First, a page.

Volume of a sphere in Ancient China and India

Professor R. C. Gupta, Ph. D. (Hist. Of Math.), Ganita Bharati Academy, R-20, Ras Bahar Colony, JHANSI-284003, India

The famous Greek mathematican Archimedes (died 212 BCE) had already found the correct formula

V_{o} = (\pi /6) d^3 = (4 \pi /3) (1)

very nearly       =0.5236d^3        (2)

for the volume of a sphere of diameter d (=2r). On the other hand, the popular ancient Chinese work Jiu Zhang Suan Shu (JZSS) which reached its present form in the first century CE, contains two numerical problems in which d is calculated by using the rule

d=(16v/9)^{(1/3)} (3)

This clearly implies the formula

v=(9/16) d^3 (4)

Suppose the sphere is inscribed in a right circular cylinder whose height is d and base is also of diameter d. Also let the cylinder be circumscribed by a cube of side d such that their bases and tops lie in the same planes. It was known that

\frac{\text{Vol. of the cylinder}}{\text{Vol. of the cube}} = \frac{\pi}{4} (5)

Now let

\frac{\text{Vol. of the sphere}}{\text{Vol. of the cylinder}} = k (6)

From these two equations we see that

Vol. of sphere =  (\pi k/4) d^3            (7)

The mathematically exact value of k is easily seen to be 2/3.

The JZSS uses the simple approximation \pi = 3  for calculating the area of a circle. Therefore a suggested use of the very high value \pi=27/8 for getting (4) from (1) is rejected as unlikely. In fact during the first century of CE and in the time of Zhang Heng (78-139 CE), the ratio \pi /4 in (5) was taken to be ¾ in China. At that time, it was thought that the ratio k also has the same value \pi /4 or ¾. Thus the early Chinese mathematicians were led, by (7), to the empirical rule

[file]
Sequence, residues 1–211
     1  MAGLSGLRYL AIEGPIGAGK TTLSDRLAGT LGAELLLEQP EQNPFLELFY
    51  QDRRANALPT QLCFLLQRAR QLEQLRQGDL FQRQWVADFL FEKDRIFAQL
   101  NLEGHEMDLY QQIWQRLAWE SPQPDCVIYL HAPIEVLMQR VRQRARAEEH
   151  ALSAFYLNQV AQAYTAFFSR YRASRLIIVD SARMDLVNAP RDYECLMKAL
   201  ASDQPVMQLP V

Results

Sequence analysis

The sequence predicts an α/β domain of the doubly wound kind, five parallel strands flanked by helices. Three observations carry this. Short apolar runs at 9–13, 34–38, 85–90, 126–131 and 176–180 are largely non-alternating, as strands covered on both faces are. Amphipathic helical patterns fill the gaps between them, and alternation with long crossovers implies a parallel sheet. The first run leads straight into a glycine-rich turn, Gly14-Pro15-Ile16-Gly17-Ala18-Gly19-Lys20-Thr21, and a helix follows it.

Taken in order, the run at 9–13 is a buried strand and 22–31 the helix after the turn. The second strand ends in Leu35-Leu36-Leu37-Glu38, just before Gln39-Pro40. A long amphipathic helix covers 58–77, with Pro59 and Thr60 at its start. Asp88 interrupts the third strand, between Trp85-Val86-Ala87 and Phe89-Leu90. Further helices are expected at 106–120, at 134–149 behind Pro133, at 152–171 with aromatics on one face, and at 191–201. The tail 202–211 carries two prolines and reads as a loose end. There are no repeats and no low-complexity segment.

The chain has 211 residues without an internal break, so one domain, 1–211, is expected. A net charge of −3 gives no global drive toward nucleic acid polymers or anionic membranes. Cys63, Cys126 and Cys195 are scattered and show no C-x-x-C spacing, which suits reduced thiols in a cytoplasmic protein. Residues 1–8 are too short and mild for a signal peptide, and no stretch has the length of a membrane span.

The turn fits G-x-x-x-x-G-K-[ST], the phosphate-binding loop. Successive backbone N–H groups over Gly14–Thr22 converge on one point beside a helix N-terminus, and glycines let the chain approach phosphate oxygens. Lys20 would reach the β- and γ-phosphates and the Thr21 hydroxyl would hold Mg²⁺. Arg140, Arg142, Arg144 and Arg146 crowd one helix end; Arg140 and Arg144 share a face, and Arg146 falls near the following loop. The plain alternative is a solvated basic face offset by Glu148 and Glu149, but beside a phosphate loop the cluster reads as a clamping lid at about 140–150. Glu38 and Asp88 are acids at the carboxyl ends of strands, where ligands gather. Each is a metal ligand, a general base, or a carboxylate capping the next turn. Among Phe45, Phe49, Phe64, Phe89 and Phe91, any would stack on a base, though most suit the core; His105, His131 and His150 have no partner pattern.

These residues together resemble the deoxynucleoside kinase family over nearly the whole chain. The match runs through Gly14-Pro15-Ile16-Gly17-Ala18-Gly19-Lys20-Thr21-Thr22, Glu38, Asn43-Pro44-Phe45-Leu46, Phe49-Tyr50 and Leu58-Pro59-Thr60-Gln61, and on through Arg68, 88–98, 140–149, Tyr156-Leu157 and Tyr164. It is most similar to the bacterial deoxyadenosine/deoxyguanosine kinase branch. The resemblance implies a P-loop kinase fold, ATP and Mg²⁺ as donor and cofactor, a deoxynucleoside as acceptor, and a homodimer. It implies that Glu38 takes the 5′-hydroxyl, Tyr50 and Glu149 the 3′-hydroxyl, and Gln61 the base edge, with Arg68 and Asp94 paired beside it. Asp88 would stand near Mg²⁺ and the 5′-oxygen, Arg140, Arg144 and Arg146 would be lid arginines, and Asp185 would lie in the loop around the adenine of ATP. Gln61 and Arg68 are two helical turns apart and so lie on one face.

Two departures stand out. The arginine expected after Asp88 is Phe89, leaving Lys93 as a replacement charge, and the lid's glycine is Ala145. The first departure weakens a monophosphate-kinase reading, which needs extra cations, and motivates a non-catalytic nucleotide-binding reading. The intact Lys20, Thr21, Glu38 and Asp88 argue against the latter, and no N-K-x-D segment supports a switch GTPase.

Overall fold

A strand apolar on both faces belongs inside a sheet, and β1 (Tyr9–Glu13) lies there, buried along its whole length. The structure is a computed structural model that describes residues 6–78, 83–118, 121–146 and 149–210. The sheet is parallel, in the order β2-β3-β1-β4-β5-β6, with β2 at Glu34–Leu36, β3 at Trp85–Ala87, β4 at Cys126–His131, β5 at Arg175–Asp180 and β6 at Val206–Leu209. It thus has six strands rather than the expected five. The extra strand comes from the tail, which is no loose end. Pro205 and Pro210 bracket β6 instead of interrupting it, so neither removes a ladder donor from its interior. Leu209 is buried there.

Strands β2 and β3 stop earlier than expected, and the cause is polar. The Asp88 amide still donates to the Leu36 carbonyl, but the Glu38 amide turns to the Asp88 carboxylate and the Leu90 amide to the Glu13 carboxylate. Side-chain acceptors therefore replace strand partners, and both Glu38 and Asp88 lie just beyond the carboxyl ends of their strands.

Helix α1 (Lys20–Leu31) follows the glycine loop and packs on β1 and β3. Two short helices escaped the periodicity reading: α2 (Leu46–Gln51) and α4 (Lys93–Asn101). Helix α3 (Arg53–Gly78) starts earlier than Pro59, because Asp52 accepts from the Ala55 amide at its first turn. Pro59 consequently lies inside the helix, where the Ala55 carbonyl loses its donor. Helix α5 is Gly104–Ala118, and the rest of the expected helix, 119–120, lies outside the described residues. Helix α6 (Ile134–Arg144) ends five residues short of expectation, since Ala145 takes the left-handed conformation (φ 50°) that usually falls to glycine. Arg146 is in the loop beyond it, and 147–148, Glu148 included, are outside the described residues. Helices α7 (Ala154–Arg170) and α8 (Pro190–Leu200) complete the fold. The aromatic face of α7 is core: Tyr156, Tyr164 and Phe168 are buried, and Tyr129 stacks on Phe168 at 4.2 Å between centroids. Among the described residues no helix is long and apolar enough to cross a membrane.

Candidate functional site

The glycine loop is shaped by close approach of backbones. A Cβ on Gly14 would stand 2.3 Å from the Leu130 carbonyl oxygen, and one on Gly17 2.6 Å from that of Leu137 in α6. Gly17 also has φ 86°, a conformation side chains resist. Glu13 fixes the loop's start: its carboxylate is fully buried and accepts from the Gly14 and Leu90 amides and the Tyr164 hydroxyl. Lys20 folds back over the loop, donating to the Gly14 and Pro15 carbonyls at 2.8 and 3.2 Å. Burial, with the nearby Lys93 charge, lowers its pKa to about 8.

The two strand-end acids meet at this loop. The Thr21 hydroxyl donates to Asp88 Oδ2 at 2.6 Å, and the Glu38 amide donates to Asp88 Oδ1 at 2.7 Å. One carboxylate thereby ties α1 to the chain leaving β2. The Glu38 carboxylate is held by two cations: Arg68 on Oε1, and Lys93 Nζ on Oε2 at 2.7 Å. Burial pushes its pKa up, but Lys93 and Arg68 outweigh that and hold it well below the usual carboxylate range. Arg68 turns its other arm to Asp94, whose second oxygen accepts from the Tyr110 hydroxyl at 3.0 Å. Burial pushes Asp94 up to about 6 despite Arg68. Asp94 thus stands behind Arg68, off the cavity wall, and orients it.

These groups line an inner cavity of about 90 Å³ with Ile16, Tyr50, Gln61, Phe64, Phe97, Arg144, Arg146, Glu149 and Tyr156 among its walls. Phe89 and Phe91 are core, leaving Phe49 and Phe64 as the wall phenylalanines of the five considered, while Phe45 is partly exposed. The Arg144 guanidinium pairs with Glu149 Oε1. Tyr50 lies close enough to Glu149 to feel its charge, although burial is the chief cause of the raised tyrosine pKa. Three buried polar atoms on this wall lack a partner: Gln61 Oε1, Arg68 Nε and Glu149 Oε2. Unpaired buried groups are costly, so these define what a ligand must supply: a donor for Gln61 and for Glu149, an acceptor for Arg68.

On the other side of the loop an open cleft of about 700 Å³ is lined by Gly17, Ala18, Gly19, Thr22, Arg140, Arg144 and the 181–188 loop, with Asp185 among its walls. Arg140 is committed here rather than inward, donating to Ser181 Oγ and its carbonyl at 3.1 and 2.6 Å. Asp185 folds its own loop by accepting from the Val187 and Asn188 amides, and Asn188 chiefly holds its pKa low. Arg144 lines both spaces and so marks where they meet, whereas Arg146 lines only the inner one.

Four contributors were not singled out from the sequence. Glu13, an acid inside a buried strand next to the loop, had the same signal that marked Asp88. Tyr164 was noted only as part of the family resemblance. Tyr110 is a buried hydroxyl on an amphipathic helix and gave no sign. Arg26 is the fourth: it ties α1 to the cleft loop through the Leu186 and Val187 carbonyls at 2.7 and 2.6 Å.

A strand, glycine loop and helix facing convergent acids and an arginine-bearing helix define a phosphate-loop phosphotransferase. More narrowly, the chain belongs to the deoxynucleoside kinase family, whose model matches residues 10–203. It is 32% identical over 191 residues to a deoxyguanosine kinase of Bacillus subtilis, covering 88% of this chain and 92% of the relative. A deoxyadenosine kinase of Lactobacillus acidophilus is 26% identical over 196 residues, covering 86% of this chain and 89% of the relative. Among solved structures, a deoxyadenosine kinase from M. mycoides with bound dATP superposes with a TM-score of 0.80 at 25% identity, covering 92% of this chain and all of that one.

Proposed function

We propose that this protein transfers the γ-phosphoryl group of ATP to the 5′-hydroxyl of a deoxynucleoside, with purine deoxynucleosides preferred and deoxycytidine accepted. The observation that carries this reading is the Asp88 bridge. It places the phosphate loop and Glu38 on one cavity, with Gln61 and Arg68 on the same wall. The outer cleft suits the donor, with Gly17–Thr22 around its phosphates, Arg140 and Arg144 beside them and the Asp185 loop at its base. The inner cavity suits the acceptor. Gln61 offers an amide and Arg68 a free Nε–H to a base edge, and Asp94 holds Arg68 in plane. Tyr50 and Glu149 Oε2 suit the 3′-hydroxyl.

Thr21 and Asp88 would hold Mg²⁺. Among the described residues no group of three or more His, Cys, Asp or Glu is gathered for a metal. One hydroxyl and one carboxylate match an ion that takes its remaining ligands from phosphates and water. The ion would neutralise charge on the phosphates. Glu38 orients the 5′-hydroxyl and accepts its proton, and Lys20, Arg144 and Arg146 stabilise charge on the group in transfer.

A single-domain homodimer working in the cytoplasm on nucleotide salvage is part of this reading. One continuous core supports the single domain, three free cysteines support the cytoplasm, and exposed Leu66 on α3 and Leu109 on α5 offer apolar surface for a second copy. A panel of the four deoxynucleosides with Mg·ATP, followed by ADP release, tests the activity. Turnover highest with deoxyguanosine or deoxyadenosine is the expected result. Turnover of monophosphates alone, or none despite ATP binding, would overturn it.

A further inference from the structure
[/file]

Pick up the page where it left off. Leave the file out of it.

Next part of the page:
Vol. of a sphere, v=(\pi ^2/16) d^3             (8)

Or,  =(9/16) d^3                                 (9)

which is indeed the JZSS formula (4). This formula already greater than the true value of the volume but the calendrist Zhang Heng thought otherwise and made it even worse by taking

V_1=(9/16) d^3+(1/16) d^3 (10)

=(5/8) d^3 (11)

However, this, compared with (8), leads to \pi = \sqrt{10} which is better than \pi = 3 and better even than another of Zhang Heng’s values \pi =92/29.

A comment, attributed to Liu Hui (3rd cent. CE), on the JZSS sphere problem shows that (4) implies (6) with k= \pi /4. According to Li Chunfeng (602-670), Zu Geng (=Zu Xuan), son of Zu Chongzhi (429-500), had stated that Liu Hui (like Zhang Heng) took (6) with k= \pi /4. There is some indication to show that Liu Hui considered this assumption to be wrong although he was unable to derive the correct rule.

In India, Āryabhaţa (born 476 CE) in his work Āryabhaţīya (II,7) gives the rule for the volume of sphere as

exactly  V_2=A \sqrt{A}                         (12)

where A is the area of a central section of the sphere (i.e. A= \pi r^2). His commentator Bhāskara I (629 CE) quotes a rule (in Sanskrit) which gives a formula equivalent to (4). The rule was regarded empirical and so Āryabhaţa attempted to find a better one.

Mahāvīra (about 850 CE) in his Gaņita-sāra Sańgraha (=GSS, VIII, 28) has also given the same rule and clearly stated it to be practical (i.e. not exact or accurate). The same rule also appears in the Tiloyasāra (gāthā 96) of Nemicandra (about 975 CE), and in the Gaņita-sāra (V, 25) of Ţhakkura Pherū (14th cent.) who gave it the form

d^3 \cdot (1-1/4)(1-1/4) (13)

A detailed discussion of all these Indian rules show that (4) should be interpreted as (8) with \pi = 3.

The modification of empirical rules by adjusting them to suitable values of π is an ancient practice. For example,

A=(c+h)h/2 (14)